Microcephaly in Australian infants: A retrospective audit

Carlos Nunez, Anne Morris, Michele Hansen, Elizabeth J. Elliott

Research output: Contribution to journalArticlepeer-review

Abstract

Aim: To describe clinical characteristics, outcomes and causes of microcephaly in children whose condition was identified within the first year of life. Methods: Retrospective review of medical records of microcephalic children born between 2008 and 2018 and admitted for any reason during the same period to a tertiary paediatric hospital. Microcephaly was defined as occipitofrontal circumference (OFC) more than two standard deviations below the mean (>−2 SD). Results: Between January 2008 and September 2018, 1083 medical records were retrieved. Of the children, 886 were ineligible and 197 were confirmed cases of microcephaly. Of cases, 73 (37%) had primary microcephaly (at birth) and 72 (37%) had severe microcephaly (OFC > −3 SD). Of microcephalic children, 192 (98%) had congenital anomalies, of whom 93% had major anomalies, mostly cardiovascular or musculoskeletal. Neurological signs or symptoms were reported in 148 (75%), seizures being the most common. Of the 139 children with abnormal central nervous system (CNS) imaging, one or more structural brain abnormalities were identified in 124 (89%). Failure to reach developmental milestones was observed in 69%, visual impairment in 41% and cerebral palsy in 13%. Microcephaly was idiopathic in 51% and 24% had diagnosed genetic disorders. There was no association between developmental outcomes or structural brain anomalies and severity of microcephaly or timing of diagnosis. Conclusion: Our results suggest the need for a systematic investigative approach to diagnosis, including a careful history, examination, genetic testing and neuroimaging, to determine the underlying cause of microcephaly, identify co-morbidities, predict prognosis and guide genetic counselling and therapy.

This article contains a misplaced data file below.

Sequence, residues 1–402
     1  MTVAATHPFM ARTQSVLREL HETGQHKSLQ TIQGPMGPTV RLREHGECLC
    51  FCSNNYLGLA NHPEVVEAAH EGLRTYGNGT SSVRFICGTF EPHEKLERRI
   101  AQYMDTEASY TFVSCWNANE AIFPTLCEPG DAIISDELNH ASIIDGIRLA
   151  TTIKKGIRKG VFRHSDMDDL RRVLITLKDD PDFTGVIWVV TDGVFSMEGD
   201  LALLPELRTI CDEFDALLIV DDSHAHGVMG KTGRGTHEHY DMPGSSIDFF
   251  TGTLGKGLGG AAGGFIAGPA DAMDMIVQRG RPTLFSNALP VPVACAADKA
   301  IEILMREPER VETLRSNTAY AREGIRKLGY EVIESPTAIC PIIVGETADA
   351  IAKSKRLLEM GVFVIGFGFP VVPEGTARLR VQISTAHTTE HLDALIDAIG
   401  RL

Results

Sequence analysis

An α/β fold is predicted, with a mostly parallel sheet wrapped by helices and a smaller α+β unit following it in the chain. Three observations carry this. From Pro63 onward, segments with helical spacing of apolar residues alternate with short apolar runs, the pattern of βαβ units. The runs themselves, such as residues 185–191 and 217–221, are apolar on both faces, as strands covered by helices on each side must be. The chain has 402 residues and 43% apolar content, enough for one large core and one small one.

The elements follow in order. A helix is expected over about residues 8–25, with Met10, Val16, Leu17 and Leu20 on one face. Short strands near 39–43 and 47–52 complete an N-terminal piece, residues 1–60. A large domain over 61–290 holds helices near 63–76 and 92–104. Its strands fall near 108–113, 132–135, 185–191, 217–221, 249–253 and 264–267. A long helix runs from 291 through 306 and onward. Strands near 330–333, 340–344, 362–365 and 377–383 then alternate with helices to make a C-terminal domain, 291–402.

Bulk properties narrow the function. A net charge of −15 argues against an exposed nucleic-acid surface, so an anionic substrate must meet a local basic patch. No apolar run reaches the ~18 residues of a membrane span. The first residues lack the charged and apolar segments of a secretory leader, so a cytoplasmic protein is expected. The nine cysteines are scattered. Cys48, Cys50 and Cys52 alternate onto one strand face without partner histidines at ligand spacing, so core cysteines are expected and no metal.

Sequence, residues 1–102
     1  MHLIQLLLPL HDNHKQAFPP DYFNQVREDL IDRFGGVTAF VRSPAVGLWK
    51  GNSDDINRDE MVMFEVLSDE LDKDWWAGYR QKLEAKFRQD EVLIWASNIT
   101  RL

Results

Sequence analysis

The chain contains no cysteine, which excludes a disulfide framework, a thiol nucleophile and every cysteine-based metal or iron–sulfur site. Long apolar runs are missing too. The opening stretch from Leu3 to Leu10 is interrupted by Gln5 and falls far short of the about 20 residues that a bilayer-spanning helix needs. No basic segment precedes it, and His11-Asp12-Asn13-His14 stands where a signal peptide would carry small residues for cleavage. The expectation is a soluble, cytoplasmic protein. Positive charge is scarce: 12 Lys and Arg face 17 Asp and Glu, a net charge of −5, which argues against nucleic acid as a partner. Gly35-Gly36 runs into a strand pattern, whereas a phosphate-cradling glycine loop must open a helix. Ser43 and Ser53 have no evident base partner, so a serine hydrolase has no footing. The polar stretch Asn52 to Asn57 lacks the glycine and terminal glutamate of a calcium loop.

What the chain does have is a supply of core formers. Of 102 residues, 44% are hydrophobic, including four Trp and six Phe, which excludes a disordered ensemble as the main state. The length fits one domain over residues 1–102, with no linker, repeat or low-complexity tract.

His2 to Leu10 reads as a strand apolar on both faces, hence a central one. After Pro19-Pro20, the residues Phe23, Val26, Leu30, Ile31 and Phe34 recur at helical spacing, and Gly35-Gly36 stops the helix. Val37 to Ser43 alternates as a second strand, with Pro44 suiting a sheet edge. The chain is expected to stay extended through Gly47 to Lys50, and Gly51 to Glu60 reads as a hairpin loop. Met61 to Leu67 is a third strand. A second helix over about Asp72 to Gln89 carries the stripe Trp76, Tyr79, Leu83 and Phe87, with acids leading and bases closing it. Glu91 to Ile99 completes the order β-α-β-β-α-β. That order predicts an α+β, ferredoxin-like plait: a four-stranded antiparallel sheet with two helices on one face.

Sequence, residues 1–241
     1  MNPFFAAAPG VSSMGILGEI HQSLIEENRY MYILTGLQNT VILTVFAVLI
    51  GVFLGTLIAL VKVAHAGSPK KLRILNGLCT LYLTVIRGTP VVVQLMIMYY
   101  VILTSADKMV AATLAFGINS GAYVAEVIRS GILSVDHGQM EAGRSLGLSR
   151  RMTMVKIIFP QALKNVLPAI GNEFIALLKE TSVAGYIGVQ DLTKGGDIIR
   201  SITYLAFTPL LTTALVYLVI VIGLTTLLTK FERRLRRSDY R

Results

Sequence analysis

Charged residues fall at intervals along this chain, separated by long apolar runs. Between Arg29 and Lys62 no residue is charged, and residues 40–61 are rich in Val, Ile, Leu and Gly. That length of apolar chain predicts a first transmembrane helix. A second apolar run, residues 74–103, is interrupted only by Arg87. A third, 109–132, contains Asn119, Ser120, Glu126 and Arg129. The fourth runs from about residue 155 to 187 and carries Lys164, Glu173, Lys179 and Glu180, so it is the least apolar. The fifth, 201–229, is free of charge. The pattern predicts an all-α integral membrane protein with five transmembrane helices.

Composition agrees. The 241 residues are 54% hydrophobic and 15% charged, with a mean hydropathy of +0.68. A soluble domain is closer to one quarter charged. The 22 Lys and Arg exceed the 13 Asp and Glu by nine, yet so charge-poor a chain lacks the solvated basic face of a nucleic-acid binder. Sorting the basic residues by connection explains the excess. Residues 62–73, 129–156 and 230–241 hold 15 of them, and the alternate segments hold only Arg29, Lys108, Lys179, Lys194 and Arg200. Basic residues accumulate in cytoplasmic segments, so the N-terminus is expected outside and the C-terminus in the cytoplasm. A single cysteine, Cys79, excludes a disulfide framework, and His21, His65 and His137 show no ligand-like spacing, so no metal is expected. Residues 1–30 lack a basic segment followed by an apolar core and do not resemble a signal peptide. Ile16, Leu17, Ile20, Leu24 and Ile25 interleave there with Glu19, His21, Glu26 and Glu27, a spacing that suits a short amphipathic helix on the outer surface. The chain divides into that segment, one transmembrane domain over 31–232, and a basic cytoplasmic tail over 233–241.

Original languageEnglish
Pages (from-to)448-458
Number of pages11
JournalJournal of Paediatrics and Child Health
Volume58
Issue number3
Early online date23 Sep 2021
DOIs
Publication statusPublished - Mar 2022

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